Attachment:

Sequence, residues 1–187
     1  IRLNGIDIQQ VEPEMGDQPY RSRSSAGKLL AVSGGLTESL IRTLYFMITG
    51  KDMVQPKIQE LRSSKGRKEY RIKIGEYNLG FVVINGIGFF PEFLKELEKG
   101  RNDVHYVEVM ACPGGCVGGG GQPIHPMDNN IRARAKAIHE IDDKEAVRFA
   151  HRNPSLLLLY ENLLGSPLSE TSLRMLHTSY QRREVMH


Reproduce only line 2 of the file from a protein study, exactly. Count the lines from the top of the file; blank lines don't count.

     1  IRLNGIDIQQ VEPEMGDQPY RSRSSAGKLL AVSGGLTESL IRTLYFMITG